By on May 30, 2012

Brazil has historically been a difficult place to do business. The government keeps foreigners out as best as it can, and that extends to vehicle importers as well. In the car business, you are welcome to market your wares as long as you build locally. Imported cars have always been expensive, and the costs are set to rise, as the government has taken new measures that affect both local makers and importers. Read this very closely before you ask for import restrictions into your country.

On Monday, May 21, Finance Minister Guido Mantega announced a series of measures. A 14 percent drop in car sales, a record high 5.7 percent delinquency rate on car payments and an average of more than 40 days to move the metal were some of the justifications for the intervention. I wouldn’t call you a cynic if you believed that this action was taken mainly because the automotive industry is famous for its lobbying prowess and politics. Local elections are right around the corner, and the government finds itself in the middle of a debilitating scandal involving public contracts. A McCarthy-style Investigative Commission has been set up in Congress, and the circus act is on full swing in Brasilia. Most analysts agree that this commission will most likely get results about as valuable as McCarthy’s.

With some close races to be had, especially in the all-important city of São Paulo, which to the glee of our politicians holds the third largest purse in the country, it wouldn’t be too far-fetched to imagine the automotive industry threatening mass firings and a government cowed into spreading some cheer, divert attention from its troubles and avoid unemployment and loss of votes.

Measures included in the government’s pacote de bondades, as the Brazilian media likes to call such things,  involve cutting taxes. The Minister mentioned that the government will pass up 2.1 billion reais in uncollected taxes. Cars will now incur less IPI (Tax on Industrialized Products,) measured according to displacement, vehicle class, its fuel requirements and country of origin. As a peace offering to OEMs that import, rather than build locally, imports will also benefit from lower taxes – as long as they have a displacement of 2000 cc or less (see tables below). Supposedly that’s for ecological and economic reasons.

A cut in the IOF (Tax on Financial Operations) was approved to stimulate consumers to take more credit and pay longer plans. This way, more costumers will be in a condition to get themselves into further trouble, I mean, take on more debt. Previously, consumers paid an IOF of 2.5 percent a year. This has been cut to 1.5 percent.  Imagine that instead of taking the interest of your alleged home equity loan off your taxes, you would have to pay additional interest to Uncle Sam. Inconceivable? Welcome to Brazil.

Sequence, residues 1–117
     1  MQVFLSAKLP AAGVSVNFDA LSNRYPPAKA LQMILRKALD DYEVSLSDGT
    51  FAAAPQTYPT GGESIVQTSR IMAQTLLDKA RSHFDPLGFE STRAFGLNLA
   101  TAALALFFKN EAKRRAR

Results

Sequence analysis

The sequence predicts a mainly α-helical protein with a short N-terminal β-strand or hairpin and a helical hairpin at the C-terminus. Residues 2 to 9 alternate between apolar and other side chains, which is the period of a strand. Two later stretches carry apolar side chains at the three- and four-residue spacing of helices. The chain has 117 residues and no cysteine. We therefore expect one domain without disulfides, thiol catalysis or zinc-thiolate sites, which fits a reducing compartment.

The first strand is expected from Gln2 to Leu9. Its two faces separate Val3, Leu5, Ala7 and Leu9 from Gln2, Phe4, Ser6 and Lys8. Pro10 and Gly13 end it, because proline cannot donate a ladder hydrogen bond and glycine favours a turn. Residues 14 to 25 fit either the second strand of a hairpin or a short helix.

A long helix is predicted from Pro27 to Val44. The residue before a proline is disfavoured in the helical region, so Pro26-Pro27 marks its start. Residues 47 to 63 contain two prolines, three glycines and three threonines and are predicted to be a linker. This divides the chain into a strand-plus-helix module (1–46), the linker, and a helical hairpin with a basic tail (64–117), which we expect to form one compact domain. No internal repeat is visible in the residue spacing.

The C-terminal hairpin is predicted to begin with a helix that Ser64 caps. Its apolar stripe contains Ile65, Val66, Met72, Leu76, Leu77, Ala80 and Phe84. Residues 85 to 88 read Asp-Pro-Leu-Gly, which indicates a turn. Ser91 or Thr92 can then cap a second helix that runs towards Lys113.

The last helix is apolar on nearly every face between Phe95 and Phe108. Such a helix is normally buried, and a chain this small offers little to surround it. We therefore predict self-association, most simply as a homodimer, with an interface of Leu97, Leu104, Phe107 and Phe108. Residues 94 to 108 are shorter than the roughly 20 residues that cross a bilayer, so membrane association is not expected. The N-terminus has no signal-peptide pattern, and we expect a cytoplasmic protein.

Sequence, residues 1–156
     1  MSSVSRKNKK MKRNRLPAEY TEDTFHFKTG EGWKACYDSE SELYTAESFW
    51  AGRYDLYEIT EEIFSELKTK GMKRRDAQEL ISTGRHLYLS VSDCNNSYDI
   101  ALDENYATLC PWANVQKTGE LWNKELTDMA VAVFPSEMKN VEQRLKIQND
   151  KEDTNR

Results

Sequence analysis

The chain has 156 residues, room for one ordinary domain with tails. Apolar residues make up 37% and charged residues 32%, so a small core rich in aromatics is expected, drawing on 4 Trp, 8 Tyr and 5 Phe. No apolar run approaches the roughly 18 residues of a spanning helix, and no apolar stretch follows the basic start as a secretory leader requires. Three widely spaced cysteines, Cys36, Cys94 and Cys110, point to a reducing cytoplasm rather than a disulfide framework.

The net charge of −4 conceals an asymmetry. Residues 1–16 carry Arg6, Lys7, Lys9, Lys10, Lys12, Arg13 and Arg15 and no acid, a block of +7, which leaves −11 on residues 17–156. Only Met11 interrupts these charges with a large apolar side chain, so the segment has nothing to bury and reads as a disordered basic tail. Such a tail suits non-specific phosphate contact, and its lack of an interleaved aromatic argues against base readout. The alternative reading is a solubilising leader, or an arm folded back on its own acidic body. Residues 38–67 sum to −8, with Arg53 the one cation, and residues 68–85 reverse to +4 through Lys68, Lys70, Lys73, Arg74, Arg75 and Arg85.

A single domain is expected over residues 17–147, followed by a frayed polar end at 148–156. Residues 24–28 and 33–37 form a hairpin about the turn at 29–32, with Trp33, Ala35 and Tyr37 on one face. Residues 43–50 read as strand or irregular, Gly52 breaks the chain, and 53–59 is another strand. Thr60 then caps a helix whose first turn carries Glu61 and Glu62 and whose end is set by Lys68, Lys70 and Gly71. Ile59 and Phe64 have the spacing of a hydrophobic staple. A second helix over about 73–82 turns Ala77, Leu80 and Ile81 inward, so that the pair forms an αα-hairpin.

Banks will also have to make fewer compulsory deposits. This will free up about 18 billion reais for the banks to apply in long-term financial operations. According to the Central Bank, this figure represents 10 percent of all the credit available in the car segment.

Cars produced locally or in Mercosur or Mexico
Category/Displacement Fuel New IPI Tax Previous IPI Tax
Up to 1.0L Any 0% 7%
Between 1.1 and 2.0L Ethanol and flex fuel 5.50% 11%
Between 1.1 and 2.0L Gasoline 6.50% 13%
Above 2.0L Any 25% 25%
Commercial Vehicles Any 1% 4%
Cars Imported from countries other than Mexico and Mercosur
Category/Displacement Fuel New IPI Tax Previous IPI Tax
Up to 1.0L Any 30% 37%
Between 1.1 and 2.0L Ethanol and flex fuel 35.50% 41%
Between 1.1 and 2.0L Gasoline 36.50% 43%
Above 2.0L Any 55% 55%
Commercial Vehicles Any 31% 34%

In Minister Mantega’s explanation, he warned that the IPI reduction would be valid only until August 31. At that point, he seemed like any small time dealer shouting, “Buy now!” on TV. The IOF tax and reduction on compulsory deposits are good for an undetermined amount of time. He stressed that makers had agreed to sacrifice for the good of the country and agreed to reduce list prices anywhere from 1.5 to 2.5 percent depending on model. Buyers of imported cars above 2 liters are out of luck. They keep paying a dizzying 55 percent tax on their cars.

As analysts have pointed out, delinquency on car loan payments has almost doubled from a year ago. That means many consumers are already strapped for cash and heavily in debt. The Minister stressed that the government expected its measures to trigger a reduction of around 10 percent in prices for cars in the 1.0L category. For the higher displacement cars expectations hovered around a 6 to 8 percent drop. Also, the lowered IOF and easier credit would naturally lower interest rates, extend the number of installments and reduce the necessary outlay demanded by each installment.